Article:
''Strategic" Voters Aim to Bump Canada's Harper

Could a scrappy web site have a shot at squeezing America's leading and most reliable supply of petroleum?

It's a long shot, but its organizers sure hope so. As Canadians go to the polls Tuesday to choose a new federal government, hundreds of thousands of green-leaning voters are logging on to voteforenvironment.ca. Drawing on current polling data and historic results, the site's sophisticated "prediction engine" estimates how the vote is likely to play out on Tuesday in each electoral district across the country.

The site clocked more than a million page views in its first 12 days of existence.

Canada has a multi-party system, and many progressive voters are concerned that they will split the vote among the three leading opposition parties, effectively keeping Prime Minister Stephen Harper in power. VoteForEnvironment suggests how to cast ballots "strategically" by recommending voters choose the candidate in their area that is most likely to unseat Harper's Conservatives from power.

Canadians do not vote directly for their head of state as their neighbors to the south do; rather, they elect Members of Parliament in voting districts known as "ridings;" the leader of the party that wins the most ridings forms the new government.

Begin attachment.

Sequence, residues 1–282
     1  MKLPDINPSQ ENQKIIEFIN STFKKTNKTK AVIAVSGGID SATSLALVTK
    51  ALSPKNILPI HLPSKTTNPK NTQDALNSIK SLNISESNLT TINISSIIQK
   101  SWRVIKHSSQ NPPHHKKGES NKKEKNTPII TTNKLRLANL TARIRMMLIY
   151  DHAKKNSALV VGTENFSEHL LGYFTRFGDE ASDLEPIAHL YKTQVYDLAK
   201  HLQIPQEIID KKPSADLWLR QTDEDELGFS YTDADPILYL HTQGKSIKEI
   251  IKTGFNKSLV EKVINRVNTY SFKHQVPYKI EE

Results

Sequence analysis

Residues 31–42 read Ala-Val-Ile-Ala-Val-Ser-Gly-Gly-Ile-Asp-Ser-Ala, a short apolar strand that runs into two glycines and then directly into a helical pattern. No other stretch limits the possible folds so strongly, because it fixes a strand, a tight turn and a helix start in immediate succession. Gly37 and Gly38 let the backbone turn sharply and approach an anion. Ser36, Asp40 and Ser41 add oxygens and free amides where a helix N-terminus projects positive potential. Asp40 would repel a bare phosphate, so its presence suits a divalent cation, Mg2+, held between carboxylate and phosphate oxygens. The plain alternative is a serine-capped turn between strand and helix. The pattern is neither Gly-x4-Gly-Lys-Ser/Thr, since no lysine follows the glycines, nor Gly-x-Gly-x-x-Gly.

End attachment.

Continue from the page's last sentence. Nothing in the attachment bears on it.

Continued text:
Harper has no credible climate change platform to speak of. His government advocates for "intensity-based" targets that tie heat-trapping carbon emissions to corporate growth.

Chief among those companies are the petroleum firms presently ripping into hundreds of square miles of northern Alberta. The oil sands megaprojects are keeping America's gas pumps merrily dinging away, but at a steep atmospheric price; they represent one of North America's leading single sources of global-warming emissions. Thanks to the amount of energy needed to wring the petroleum from the sand and muck in massive facilities called "upgraders," the projects will produce somewhere around 54 megatons of equivalent carbon dioxide in the coming year.

According to the U.S. Department of Energy, last year Canada supplied the United States with about 896 million barrels of oil. For comparison, Saudi Arabia contributed 542 million barrels.

All three of English-speaking Canada's leading opposition parties -- the New Democrats, the Liberals and the Green Party -- have campaigned on hard carbon-reduction targets, achieved either through a cap-and-trade or a carbon tax scheme. Should one of these parties form a government, their policies would inevitably mean revisiting the breakneck growth of excavation and emissions in northern Alberta.

Thanks largely to vote-splitting, the latest polls show Harper's Conservatives projected to win another minority government on Tuesday.

Whether voteforenvironment makes a dent in this outcome remains to be seen, but one thing we know for sure: On Tuesday, all eyes in Washington will, at least for a moment, turn north.

James Glave is the author of Almost Green: How I Saved 1/6th of a Billionth of the Planet (Skyhorse Publishing, $25). He blogs at glave.com.